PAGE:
Dysarthria is a motor speech disorder that occurs when one has weak or difficult to control muscles of the face, lips, tongue, throat or for breathing. The weakened muscles are due to brain damage that can happen at birth (e.g. cerebral palsy) or following an injury or illness (e.g. stroke, brain injury, tumours, MS, ALS, Parkinson’s Disease, Huntington’s Chorea). There are various kinds of dysarthria and severity can range from very mild through to very severe. 

An individual with dysarthria typically sounds slurred or mumbled in their speech and may: speak very slowly or too quickly; speak softly or monotone; sound robotic or choppy; have voice changes such as hoarseness or breathiness; or resonance changes whereby sounding too nasal or not nasal enough (‘stuffed up’ sounding).

Dysarthria impacts communication with others which can affect one’s relationships with family, friends and can make social situations challenging. This may lead to social isolation and depression.

The speech-language pathologist assesses the speech patterns in single words, sentences and conversation, to determine whether dysarthria is the condition interfering with speech clarity and to develop a treatment approach to best address the individualized needs and goals of the client.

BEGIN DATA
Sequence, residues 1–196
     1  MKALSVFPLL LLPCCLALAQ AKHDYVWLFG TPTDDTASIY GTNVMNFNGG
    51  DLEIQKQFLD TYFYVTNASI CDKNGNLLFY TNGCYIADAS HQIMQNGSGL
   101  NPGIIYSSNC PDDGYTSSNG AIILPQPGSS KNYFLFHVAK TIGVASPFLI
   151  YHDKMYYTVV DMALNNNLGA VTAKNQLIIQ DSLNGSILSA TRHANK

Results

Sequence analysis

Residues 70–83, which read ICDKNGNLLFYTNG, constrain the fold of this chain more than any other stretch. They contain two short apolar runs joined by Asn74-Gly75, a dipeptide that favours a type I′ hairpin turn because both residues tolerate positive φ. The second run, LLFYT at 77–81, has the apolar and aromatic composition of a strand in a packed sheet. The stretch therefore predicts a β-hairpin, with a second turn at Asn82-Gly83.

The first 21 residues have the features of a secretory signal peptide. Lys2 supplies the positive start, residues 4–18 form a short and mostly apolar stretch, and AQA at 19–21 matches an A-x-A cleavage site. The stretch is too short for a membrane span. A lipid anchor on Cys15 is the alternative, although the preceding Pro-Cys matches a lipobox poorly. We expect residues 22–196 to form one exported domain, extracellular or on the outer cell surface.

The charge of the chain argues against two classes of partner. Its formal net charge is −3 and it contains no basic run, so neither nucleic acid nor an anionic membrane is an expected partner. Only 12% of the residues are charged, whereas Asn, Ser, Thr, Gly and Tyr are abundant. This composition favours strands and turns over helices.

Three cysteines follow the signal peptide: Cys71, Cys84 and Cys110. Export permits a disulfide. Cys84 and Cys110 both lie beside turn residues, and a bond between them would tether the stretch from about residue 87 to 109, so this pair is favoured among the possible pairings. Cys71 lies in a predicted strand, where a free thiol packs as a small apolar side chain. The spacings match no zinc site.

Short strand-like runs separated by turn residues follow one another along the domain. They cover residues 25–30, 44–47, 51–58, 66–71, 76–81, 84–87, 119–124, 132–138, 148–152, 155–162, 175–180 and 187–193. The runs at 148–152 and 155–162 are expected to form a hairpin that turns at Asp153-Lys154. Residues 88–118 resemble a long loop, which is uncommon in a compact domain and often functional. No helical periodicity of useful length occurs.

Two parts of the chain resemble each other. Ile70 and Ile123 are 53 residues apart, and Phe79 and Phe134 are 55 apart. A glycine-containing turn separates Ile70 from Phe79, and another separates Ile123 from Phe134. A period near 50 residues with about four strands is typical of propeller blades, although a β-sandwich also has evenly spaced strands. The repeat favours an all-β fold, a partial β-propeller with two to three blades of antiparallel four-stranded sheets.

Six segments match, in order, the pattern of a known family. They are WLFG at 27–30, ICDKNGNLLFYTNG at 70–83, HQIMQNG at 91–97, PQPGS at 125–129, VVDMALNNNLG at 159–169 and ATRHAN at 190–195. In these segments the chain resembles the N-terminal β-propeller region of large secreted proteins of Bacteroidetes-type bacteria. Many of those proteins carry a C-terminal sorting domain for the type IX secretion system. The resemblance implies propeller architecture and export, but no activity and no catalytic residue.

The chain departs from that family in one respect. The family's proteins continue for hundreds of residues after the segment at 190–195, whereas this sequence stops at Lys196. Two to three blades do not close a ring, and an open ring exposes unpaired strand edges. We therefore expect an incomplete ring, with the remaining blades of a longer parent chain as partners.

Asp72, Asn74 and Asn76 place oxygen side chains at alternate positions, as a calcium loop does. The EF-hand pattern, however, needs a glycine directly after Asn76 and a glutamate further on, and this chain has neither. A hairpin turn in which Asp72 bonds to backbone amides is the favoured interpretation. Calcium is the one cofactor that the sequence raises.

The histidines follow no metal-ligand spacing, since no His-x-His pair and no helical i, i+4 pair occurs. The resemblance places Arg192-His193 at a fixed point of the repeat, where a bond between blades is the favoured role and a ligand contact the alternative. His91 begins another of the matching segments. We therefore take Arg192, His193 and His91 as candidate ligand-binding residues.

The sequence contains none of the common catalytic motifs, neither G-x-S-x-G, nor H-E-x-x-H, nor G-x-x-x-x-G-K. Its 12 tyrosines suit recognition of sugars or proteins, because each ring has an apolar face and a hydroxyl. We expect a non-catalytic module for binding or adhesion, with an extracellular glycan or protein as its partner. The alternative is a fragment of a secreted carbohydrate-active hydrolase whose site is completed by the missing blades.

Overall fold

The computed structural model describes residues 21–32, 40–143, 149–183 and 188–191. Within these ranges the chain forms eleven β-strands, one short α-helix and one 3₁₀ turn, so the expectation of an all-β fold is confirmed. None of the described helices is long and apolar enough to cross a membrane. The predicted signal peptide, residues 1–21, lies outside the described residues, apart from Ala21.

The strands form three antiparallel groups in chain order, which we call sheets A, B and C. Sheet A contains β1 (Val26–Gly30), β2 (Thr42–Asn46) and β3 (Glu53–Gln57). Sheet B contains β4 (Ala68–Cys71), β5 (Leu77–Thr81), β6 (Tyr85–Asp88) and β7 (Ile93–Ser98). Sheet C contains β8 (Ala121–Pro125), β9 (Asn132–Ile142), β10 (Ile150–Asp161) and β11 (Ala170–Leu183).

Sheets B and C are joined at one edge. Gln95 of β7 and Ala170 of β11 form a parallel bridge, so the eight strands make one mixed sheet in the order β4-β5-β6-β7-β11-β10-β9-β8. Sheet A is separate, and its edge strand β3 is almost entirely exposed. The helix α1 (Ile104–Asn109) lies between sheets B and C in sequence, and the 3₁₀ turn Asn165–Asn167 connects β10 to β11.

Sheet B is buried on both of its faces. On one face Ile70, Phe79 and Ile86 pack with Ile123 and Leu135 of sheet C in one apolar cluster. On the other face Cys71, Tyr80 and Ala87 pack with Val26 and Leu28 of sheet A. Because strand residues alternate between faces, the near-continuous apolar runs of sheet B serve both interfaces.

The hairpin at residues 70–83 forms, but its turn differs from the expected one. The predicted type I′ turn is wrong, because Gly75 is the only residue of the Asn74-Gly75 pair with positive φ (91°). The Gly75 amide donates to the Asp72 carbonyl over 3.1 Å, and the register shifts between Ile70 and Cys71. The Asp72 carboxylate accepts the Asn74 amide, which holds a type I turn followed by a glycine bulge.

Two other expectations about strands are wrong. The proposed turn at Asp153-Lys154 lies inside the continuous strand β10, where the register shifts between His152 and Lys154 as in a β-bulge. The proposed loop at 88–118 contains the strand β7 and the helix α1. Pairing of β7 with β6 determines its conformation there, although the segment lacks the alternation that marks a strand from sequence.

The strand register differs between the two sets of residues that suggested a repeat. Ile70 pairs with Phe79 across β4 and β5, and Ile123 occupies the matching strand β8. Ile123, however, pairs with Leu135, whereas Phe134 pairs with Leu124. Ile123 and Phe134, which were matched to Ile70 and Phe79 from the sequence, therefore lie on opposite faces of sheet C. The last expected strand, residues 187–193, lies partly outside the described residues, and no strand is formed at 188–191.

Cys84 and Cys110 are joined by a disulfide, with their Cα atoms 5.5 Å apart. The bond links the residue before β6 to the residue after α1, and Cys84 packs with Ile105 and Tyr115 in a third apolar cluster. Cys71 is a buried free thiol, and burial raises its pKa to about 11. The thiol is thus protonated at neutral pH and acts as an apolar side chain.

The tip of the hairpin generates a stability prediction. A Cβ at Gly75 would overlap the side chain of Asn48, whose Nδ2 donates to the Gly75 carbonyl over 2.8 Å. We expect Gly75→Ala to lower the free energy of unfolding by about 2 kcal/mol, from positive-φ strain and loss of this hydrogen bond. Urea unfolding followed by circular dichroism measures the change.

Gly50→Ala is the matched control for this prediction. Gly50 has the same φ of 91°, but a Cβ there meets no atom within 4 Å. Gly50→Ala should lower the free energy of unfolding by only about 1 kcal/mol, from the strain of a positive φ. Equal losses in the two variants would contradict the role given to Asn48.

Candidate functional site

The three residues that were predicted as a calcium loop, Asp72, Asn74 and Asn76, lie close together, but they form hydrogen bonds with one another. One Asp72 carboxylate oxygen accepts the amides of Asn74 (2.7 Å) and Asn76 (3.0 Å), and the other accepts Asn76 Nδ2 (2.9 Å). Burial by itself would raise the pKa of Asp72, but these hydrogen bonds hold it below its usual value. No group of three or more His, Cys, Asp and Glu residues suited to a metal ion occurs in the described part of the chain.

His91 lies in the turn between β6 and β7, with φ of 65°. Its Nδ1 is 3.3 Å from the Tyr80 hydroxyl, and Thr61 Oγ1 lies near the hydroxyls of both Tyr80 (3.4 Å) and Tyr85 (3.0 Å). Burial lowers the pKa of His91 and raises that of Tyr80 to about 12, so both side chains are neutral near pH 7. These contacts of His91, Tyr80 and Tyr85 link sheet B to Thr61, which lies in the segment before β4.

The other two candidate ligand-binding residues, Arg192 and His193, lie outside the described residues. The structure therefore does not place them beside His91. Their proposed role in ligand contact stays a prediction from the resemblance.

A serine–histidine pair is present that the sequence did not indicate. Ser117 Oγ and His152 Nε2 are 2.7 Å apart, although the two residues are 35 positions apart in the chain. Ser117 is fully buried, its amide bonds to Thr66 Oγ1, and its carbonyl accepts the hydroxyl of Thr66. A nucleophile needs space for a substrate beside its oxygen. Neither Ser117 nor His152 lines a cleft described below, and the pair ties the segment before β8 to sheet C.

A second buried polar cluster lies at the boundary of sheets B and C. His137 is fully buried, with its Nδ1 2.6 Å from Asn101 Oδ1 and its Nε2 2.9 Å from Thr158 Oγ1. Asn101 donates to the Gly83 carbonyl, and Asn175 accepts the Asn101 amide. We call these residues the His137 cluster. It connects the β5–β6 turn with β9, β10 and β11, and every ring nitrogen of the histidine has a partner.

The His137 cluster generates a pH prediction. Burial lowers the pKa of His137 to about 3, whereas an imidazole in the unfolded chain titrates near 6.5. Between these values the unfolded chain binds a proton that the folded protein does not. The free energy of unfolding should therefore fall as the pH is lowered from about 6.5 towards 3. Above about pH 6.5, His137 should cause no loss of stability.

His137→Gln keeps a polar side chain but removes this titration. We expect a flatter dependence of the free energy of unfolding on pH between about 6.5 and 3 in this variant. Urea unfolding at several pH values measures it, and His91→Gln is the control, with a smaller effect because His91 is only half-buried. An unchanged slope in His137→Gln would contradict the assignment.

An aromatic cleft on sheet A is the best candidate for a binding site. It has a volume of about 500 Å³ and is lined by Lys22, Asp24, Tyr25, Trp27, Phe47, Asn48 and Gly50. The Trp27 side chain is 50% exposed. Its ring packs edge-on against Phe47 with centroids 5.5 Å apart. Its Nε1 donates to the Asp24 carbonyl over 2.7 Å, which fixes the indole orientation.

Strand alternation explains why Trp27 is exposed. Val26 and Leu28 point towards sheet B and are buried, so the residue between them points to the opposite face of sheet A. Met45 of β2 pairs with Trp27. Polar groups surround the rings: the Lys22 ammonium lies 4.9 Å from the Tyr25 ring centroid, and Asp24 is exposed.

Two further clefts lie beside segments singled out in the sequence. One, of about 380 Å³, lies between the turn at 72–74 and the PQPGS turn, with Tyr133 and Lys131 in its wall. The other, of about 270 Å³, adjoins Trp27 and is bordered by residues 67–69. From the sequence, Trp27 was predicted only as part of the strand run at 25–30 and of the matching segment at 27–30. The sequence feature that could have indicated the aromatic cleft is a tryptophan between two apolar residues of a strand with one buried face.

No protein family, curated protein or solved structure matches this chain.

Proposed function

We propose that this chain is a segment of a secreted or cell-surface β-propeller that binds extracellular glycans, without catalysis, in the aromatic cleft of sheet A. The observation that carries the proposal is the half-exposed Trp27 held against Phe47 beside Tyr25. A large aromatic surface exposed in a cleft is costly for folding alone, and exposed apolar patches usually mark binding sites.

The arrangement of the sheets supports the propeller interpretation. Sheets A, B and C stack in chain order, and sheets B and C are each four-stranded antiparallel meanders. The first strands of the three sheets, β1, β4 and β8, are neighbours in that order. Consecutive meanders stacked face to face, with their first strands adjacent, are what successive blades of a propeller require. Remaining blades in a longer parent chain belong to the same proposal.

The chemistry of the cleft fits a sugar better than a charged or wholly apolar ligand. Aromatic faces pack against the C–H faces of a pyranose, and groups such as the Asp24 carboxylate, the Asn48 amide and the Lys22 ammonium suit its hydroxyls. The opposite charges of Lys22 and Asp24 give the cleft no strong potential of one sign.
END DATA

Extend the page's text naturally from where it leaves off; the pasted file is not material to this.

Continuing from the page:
Related therapies to treat this condition:

Articulation Therapy

Articulation therapy is a form of intervention that focuses on the accurate production of speech sounds to improve speech clarity.

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Communication Intermediary Services

Accessing police, legal, and justice services when you are experiencing a speech or language difficulty can be challenging and could have serious consequences if the individuals...

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PROMPT is a technique used to assist with the planning and sequencing of speech sounds in words. 

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Voice Lab

S.L. HUNTER SpeechWorks is pleased to offer its clients a fully equipped voice lab, complete with Videostroboscopy and Visi-Pitch Acoustic Analysis in order to evaluate and...

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